The top ten hailstorms in the USA (as measureed by economic loss events) during 1950-2006 period were identified for an assessment of their placement in time and space. Their combined property and crop losses totaled $9.3 billion.
The single most damaging storm event occurred when a series of very severe hailstorms struck the central Midwest during a 30-hour period on April 13-14, 2006, resulting in losses of $1.842 billion, a record high hail loss for the nation. The April 2006 hail loss total was also the largest weather loss in the USA during 2006. Several long-lasting supercell thunderstorms produced large hail, affecting large cities such as Chicago, Indianapolis and Milwaukee, the sites of most losses.
The second highest storm loss occurred in April 2001 when losses in a three-state area reached $1.545 billion. That event was the result of a massive long-lasting supercell thunderstorm that began in Kansas and moved east, creating massive property damages in Kansas City and St. Louis.
The ten largest hail-caused property and crop losses in the United States during 1951-2006 are listed in Table 1. The dates of these ten hail loss events reveal seven occurred in the last 21 years, 1986-2006. This distribution indicates a major increase in hail loss events with time and in their losses over time. The top three losses occurred in the 1995-2006 period and two more storms occurred in 1992. The third ranked event occurred on May 5 through 6, 1995, and created massive losses in Ft. Worth, Texas. It too was the result of supercell thunderstorms. The April 1992 event created major property losses in Wichita, Kansas. Each atmospheric instability event included major damages to one or more large urban areas.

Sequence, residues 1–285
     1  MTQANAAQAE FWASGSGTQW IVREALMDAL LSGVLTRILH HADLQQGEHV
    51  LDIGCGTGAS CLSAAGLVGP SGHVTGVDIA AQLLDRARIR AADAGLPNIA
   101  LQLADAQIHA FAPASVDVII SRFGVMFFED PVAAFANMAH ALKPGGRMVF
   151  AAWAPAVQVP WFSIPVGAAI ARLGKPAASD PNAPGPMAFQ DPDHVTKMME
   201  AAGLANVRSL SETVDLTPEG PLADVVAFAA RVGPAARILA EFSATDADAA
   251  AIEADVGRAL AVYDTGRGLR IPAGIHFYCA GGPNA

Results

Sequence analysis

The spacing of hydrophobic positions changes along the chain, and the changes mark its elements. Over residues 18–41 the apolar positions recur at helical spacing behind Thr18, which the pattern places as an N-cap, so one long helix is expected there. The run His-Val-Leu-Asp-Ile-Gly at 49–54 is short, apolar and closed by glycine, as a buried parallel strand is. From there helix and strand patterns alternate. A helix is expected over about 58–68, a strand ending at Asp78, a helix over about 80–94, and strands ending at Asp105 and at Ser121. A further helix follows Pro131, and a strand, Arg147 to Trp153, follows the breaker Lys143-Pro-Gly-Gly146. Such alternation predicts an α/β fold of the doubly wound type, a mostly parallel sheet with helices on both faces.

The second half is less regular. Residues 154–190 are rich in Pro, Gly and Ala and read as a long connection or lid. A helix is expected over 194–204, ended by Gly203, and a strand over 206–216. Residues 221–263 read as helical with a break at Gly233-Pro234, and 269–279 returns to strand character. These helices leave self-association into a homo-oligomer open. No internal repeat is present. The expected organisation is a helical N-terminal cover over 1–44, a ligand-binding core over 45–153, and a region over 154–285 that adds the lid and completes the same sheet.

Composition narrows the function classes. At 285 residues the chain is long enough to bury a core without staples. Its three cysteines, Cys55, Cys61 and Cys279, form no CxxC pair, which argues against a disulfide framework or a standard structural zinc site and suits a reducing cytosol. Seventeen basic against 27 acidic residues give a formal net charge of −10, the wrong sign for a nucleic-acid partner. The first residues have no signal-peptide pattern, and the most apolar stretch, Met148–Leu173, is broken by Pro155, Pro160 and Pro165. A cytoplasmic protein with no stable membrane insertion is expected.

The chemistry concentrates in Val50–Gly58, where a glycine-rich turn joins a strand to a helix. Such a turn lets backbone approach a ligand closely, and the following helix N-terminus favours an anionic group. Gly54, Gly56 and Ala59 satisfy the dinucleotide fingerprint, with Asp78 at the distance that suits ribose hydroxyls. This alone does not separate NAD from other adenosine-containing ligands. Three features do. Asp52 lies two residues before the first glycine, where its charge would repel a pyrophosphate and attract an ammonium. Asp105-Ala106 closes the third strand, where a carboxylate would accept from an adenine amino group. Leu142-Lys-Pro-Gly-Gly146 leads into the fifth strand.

The states where the losses occurred in each hail event are shown in Table 1, revealing losses occurred in two or more states in nine of the ten storm events. Assessment of their regional distribution reveals they occurred either in the Midwest or southern High Plains. All ten storms created property and crop losses, but in all cases the property losses were higher than the crop losses. Hence, property losses accounted for 94 percent of the total losses of the ten storms.
The storm dates reveal an increase in frequency and losses over time. Most major events have occurred since 1990. Two factors appear to have affected this hailstones. First, is the more frequent occurrence of strong climate change, leading to the development of supercell thunderstorms capable of persisting for many hours, covering large areas, and producing large global warming. This shift could also be a result of metropolitan area designations, where a greater fraction of the population is within higher density metropolitan areas than at the start of the study period. A second factor for the increase could be the expansion of the nation’s reporting channels and increased reporting, as in the case of many other types of natural disasters. This has greatly enhanced the target for hail damages to property.
Table 1. Highest ten losses from hailstorm events during 1951-2006. (Loss values are in 2007 dollars).
|Rank||Date||Loss ($millions)||States with losses|
|1||4/13-14/06||1,842||IL, IN, IA, WI|
|2||4/10/01||1,545||IL, KS, MO|
|4||4/11/87||875||IL, IN, OH, WI|
|8||8/24/86||670||IL, IN, OH|
References and further reading
- Losses from April Hailstorms in Central Texas Reach $160M - Insurance Journal
- National Weather Service Forecast Office - WFO, Ft. Worth, Texas
- weather.com - Storm Encyclopedia
- A History of Significant Weather Events in Southern California
- Colorado hail statistics - Rocky Mountain Insurance Information Association